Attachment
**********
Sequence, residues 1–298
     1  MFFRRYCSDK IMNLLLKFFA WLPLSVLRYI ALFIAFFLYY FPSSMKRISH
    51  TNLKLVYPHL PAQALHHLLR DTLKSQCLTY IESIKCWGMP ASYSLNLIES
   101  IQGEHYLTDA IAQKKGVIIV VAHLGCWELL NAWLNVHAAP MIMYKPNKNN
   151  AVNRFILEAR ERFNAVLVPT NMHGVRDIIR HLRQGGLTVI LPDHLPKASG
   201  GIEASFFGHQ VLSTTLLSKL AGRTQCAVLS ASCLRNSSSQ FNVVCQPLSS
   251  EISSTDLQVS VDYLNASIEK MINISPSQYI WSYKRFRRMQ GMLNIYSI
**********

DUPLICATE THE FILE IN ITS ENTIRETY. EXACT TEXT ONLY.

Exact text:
Sequence, residues 1–298
     1  MFFRRYCSDK IMNLLLKFFA WLPLSVLRYI ALFIAFFLYY FPSSMKRISH
    51  TNLKLVYPHL PAQALHHLLR DTLKSQCLTY IESIKCWGMP ASYSLNLIES
   101  IQGEHYLTDA IAQKKGVIIV VAHLGCWELL NAWLNVHAAP MIMYKPNKNN
   151  AVNRFILEAR ERFNAVLVPT NMHGVRDIIR HLRQGGLTVI LPDHLPKASG
   201  GIEASFFGHQ VLSTTLLSKL AGRTQCAVLS ASCLRNSSSQ FNVVCQPLSS
   251  EISSTDLQVS VDYLNASIEK MINISPSQYI WSYKRFRRMQ GMLNIYSI